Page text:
Curb Appeal Landscaping IDEAS
Image by beate bachmann from Pixabay

Curb Appeal Landscaping IDEAS

  • Consider the house. Lots of people look at the size of the lawn or the shape and slope of the front yard, but many people forget a critical consideration in landscaping for curb appeal. “Rule No. 1, and the one that I see ignored a lot, is that – far and away – the most enormous thing in the garden is your house, ” says Leslie Land, author of The New York Times 1, 000 Gardening Questions & Answers and blogger at “You have this enormous design limitation, and you need to design for curb appeal based on the size and shape of your house and how it relates to the street.”
  • Work with masses and shapes to create a landscape for curb appeal. A corollary to recognizing the size of the house is massing and shape, Land says. “If your house is big and you want to plant lots of little pretty flowers, they don’t read from the street, ” she says. Instead, use plants and repetition – midsize shrubs to line a path, for example, or a row of shrubs – that are inspired by and complement the shape and size of the house. “People won’t see individual flowers driving by, ” Land says. They will see the impact of a plant grouping that reflects the shape and lines of the house and walkways.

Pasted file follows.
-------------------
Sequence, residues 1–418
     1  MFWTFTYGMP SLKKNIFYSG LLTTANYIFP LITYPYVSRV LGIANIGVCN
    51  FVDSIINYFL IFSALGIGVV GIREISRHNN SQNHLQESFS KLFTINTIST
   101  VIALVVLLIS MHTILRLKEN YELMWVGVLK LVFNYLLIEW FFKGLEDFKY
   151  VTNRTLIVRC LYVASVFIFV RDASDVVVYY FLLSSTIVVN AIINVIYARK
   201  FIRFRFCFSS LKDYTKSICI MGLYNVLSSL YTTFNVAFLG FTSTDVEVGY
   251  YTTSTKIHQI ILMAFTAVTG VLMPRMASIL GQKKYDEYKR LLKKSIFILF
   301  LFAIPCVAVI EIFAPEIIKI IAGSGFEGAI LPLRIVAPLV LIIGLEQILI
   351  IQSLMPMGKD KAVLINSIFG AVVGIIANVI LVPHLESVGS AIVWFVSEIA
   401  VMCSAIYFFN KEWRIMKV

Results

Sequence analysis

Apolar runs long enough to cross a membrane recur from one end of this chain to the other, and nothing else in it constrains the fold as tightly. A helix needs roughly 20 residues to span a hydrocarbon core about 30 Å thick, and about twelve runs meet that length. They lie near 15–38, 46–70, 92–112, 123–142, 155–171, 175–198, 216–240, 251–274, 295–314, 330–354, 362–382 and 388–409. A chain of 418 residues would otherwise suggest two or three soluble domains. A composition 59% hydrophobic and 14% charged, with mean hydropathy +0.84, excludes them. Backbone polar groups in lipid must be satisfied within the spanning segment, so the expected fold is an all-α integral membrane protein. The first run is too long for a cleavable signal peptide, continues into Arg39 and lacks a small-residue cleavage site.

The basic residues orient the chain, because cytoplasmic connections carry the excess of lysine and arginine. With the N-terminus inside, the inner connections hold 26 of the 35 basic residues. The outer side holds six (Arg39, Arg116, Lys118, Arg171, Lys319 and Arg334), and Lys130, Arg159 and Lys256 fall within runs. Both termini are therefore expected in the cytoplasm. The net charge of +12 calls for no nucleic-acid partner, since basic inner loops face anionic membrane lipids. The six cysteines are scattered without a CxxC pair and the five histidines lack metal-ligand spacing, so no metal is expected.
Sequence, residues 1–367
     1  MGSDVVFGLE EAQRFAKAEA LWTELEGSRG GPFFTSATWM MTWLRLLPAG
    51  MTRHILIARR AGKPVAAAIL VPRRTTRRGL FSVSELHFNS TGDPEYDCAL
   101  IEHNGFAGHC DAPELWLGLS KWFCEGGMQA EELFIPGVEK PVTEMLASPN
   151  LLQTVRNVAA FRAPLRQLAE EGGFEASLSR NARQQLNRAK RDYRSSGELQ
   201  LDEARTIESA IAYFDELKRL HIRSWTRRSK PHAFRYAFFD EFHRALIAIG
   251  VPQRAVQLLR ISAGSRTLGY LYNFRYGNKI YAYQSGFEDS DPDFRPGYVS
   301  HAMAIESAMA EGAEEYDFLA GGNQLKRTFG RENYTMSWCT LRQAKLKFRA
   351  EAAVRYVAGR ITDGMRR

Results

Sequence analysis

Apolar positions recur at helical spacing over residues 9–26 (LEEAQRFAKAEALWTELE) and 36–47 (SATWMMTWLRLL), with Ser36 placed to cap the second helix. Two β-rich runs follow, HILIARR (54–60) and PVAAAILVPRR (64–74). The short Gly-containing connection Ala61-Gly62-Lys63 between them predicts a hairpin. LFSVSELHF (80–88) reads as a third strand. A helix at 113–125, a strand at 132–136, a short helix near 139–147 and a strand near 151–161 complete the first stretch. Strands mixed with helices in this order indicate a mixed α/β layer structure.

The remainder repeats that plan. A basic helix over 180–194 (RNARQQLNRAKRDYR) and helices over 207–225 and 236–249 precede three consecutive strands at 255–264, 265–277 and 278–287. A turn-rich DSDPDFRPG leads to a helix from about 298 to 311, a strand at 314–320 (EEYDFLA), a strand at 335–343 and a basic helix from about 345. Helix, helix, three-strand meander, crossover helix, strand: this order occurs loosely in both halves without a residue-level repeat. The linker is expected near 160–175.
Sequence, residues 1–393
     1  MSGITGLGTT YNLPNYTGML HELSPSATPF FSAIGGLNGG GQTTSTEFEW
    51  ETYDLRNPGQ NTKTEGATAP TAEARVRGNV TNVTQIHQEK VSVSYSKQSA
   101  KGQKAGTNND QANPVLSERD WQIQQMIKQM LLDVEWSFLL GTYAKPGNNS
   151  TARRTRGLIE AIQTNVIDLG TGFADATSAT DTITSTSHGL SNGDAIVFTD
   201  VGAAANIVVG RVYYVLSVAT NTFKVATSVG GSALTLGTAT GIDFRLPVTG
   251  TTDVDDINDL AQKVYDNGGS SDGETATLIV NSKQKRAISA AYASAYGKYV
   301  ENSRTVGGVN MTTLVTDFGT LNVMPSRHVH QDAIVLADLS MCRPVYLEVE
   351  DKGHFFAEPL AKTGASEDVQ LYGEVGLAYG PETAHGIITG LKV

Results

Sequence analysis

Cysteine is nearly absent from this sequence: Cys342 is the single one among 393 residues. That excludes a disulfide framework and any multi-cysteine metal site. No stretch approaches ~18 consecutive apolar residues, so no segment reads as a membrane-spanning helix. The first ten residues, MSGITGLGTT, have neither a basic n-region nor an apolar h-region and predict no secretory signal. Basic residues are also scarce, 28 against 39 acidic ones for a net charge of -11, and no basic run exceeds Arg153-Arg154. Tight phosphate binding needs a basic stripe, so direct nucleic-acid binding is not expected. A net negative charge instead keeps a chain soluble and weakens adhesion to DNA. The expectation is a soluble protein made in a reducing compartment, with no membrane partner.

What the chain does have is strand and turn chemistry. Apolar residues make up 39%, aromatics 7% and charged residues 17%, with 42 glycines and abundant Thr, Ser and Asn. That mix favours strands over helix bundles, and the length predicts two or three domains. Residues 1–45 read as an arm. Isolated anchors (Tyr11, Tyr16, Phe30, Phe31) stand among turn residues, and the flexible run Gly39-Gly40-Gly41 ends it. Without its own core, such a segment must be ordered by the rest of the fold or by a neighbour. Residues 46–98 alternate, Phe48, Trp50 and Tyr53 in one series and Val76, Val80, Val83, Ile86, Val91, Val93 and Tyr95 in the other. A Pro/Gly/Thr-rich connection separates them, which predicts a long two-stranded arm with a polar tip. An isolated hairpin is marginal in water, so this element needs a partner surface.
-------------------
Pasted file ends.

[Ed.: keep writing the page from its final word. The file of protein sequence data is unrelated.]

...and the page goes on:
• Use secondary hardscape elements to help design a landscape for curb appeal. A deep sidewalk, for example, offers an opportunity for a wider flowerbed as accent. A bench provides a place for a gathering of shrubs and perennials. Think about what’s there (or what could be added) and how to spotlight it.
  • Emphasize the rite of passage. Landscaping for curb appeal is ultimately about moving to the front door in a pleasing way. “You have to always be mindful of the experience of passage from the street to the door, ” Land says. “Think about what kinds of transitions are available and whether there is a way to break up the trip without destroying the necessity of people seeing very clearly where to go.” That may include a bend in a walkway (with the doorway still in sight) or urns on either side of a curve, Land suggests.